It’s autumn every time I wake.

I have two paintings on my bedroom wall. They were done by a student artist at a school near where we lived. The woman was older, my best guess in her 60s. I would have never known she was a student by the quality of the art. I mean, I suppose I’m not much of a connoisseur of art. I just know I like to support independent artists. …and filling my house with pretty things. And these were pretty.


When I spotted this first piece at an art show, I knew I wanted it. I had this flood of memories from my childhood. Most of the trees around where we grew up were pine, but we had one birch tree in our front yard that I loved. Nothing else had leaves that would change with the seasons. The painting brought me back to lazing in the grass, looking up into its canopy. I brought it home.

Soon after, we discussed buying a companion piece for it, if the artist had any. I contacted her and she invited us over to look. There were so many paintings. Lots of lovely scenes. We came across what would be the mate for our current piece. It’s her driveway, after some rain. You can see the reflection of the tree in the wet asphalt. Beautiful. We asked if she minded parting with it.


I remember she made this little noise and looked at the floor before she said it would be alright.

We looked at each other and started to back pedal. An awkward dance.

“Oh no, if you don’t want to-” “Yes, we don’t have to-”

She said it was okay. She needed to sell the painting. Not for us, not for exposure, not for the money. We didn’t know it, but we had become a part of her grieving process. She’d lost her son in Iraq the prior fall. She’d painted them soon after. They were an important part of that time for her. But she knew it was time to let them go.

She took a moment and so did we. It was somber. We hadn’t meant to intrude. But she reaffirmed that she was going to be alright and that this was something she wanted to do. We took it, but made sure she had our contact info if she changed her mind. We never did hear from her.

These paintings greet me everything morning. I often think of the artist and her son and his sacrifice.

I hope for her peace of mind.

Tiny art is tiny.

I’m not sure exactly when I started collecting art. Maybe it’s because the internet has helped make art accessible and affordable; providing the means for artists to offer their wares easily. Or to discover craft fairs at the click of a mouse. Whatever the reason, we have a lot of it in our home. None of it is high dollar art. It’s all pieces we’ve collected because we enjoyed them. A variety of things.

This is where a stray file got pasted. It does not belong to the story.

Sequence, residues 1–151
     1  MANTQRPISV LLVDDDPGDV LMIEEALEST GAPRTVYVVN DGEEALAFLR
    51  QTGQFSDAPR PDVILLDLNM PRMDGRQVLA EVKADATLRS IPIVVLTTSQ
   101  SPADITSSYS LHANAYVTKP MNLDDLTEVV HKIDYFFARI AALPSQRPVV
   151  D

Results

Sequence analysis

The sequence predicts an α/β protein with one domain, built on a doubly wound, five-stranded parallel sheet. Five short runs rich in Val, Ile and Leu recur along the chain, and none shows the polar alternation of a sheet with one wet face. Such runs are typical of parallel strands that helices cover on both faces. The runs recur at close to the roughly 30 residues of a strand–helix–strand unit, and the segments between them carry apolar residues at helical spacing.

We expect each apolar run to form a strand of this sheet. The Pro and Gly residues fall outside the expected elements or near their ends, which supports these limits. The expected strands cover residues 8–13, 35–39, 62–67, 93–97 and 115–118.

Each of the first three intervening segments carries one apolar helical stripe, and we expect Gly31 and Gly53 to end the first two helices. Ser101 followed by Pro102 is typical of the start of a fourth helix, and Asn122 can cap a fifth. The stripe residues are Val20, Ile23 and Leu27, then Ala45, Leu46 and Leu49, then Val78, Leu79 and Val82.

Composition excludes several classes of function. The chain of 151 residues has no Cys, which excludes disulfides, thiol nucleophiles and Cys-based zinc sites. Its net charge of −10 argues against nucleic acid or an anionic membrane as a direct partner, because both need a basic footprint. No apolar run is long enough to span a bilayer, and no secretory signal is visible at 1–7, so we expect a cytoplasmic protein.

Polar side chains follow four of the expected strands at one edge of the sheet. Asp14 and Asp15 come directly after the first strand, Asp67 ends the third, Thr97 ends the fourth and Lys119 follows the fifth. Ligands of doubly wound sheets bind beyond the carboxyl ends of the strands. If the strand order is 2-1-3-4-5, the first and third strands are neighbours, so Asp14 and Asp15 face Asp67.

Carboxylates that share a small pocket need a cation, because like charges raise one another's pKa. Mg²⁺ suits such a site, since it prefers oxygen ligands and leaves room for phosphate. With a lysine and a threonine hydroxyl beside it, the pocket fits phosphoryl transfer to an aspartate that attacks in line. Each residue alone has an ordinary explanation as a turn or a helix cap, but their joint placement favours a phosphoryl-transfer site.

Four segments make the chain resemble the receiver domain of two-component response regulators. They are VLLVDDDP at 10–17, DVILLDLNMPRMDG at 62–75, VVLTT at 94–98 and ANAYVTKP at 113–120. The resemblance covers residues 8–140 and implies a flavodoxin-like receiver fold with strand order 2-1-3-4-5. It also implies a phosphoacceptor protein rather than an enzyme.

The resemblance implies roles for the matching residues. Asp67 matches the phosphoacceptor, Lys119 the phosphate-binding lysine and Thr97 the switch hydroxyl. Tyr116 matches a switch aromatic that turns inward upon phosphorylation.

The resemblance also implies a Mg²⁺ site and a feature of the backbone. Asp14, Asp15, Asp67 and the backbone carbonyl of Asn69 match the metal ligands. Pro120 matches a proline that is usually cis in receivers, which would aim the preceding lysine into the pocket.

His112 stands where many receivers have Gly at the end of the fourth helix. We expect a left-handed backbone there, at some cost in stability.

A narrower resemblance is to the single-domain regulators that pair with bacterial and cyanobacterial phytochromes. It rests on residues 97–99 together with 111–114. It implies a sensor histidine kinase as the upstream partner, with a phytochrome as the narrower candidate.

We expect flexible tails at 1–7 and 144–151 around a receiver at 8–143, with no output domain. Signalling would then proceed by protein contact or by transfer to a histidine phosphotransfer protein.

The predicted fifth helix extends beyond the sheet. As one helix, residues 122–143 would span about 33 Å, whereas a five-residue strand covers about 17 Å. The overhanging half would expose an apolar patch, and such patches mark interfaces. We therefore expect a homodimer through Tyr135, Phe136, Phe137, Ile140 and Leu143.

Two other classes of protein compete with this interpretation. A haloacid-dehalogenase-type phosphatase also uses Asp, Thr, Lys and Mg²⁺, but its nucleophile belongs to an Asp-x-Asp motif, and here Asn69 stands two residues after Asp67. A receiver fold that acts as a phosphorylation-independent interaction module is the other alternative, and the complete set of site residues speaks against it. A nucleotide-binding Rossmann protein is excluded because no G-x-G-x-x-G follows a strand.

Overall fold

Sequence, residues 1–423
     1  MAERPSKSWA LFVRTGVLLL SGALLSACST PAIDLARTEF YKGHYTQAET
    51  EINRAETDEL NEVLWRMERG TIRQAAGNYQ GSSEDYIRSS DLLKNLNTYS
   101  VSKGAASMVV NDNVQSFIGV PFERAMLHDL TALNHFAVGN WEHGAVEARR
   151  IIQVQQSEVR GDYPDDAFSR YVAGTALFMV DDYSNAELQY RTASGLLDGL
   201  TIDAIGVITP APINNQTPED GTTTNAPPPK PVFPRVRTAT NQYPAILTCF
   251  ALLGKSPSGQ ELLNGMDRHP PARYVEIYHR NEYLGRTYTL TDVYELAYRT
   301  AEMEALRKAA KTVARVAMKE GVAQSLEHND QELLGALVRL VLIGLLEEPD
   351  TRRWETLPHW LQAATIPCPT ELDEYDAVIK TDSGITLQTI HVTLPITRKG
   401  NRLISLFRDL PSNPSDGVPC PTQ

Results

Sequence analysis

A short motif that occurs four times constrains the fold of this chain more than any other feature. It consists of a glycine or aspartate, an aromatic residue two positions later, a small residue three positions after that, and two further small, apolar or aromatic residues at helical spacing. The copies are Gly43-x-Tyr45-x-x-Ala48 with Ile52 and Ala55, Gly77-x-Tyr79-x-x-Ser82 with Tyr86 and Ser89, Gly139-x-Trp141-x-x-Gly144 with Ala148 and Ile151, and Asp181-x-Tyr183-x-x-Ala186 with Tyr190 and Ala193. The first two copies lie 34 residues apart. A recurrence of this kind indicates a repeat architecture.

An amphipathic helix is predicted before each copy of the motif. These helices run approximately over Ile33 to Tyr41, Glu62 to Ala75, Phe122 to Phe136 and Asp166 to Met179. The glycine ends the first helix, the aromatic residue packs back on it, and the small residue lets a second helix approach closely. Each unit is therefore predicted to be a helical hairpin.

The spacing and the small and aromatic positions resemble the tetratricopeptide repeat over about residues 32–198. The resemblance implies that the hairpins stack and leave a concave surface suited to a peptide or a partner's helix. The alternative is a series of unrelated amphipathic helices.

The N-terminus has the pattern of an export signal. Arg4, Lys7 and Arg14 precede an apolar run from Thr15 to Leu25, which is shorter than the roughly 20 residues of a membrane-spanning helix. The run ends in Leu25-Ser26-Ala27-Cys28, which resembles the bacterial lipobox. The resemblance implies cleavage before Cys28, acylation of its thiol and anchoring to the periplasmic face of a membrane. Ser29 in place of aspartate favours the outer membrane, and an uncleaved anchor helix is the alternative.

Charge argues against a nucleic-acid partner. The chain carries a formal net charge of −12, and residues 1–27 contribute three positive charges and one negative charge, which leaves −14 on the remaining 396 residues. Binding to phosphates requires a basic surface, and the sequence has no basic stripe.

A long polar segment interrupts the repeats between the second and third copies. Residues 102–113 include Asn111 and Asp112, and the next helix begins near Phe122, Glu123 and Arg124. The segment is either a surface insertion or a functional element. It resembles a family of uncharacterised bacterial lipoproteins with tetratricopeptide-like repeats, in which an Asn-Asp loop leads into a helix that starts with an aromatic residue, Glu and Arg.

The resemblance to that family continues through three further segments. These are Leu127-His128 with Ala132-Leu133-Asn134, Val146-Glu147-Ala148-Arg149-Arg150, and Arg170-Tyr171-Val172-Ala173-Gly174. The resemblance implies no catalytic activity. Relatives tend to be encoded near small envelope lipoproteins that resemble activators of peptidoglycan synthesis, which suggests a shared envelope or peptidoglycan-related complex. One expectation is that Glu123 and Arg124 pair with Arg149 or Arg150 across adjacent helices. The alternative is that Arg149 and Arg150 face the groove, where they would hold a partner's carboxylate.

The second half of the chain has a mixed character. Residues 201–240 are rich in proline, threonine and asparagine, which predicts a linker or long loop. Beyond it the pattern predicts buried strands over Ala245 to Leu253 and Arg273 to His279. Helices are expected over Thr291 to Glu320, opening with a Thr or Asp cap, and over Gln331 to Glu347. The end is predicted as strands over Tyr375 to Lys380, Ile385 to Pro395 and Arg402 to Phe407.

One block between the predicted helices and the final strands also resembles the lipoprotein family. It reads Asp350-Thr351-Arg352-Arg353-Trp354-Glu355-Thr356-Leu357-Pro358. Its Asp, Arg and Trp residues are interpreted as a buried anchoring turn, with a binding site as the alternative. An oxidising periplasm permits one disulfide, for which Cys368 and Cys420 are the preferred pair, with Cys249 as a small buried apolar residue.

I do tend to have a soft spot for microart. It’s like art, but small. Why do I enjoy it so? Not a clue. Small things are cute, as a rule. Possibly by a similar token they are also charming to me. In some of the art I’ve made and collected there is a fair amount of satire and cheekiness. Maybe it plays on the part of my brain that’s tickled by that.

In the following photos I’ve taken, I included a Canadian dime for scale.

Tiny landscapes

The tiny landscapes above were my first foray into microart. The hangers on the back are bent pop tabs. When I came across them at an art show in Houston, I ran to an ATM to get change. They were two for $12 if my memory serves me.

Bunny Sketch and Tiny Candlesticks

This sketch was a gift from my friend Stephanie. It is flanked by two tiny candlesticks made at the machine shop at Greenfield Village in Dearborn, MI. They change out the machine every couple of year so people can get differently shaped tiny candleholders. One night my husband and I had a fancy date dinner at home and set the table with our tiny candlesticks. We’re dumb.

Tiny collection of art

This is actually a cube that houses a little curated collection of things. It’s such a weird, quirky selection. The book is an old print of the “Rubiyat of Omar Khayyam” I ended up with, likely the only antique we own. The chicken and the egg used to sit next to that hare and a ceramic tortoise (a small nod to animal based quandaries) but he’s on temporary leave hanging out in my terrarium.

Oooh. Here’s the terrarium. Props to Real Simple Magazine for the tutorial. No dime here, but the terrarium is small.


This final picture is of a tiny painting I got from an Art-O-Mat and a photo. Art-O-Mats are all over the country. You pay $5 to a cigarette-turned-art vending machine. You get art. The photo has a slightly different origin. It was in our house when we moved in. Just laying on the mantle. Our house only had one owner, so I have to assume that he is the shadow in the photo and that’s his dog. It was so peculiar… I felt it needed to be apart of my little collection.

A boat and a dog

Go out and enjoy some art. Better yet, get some art. Better yet, make some art.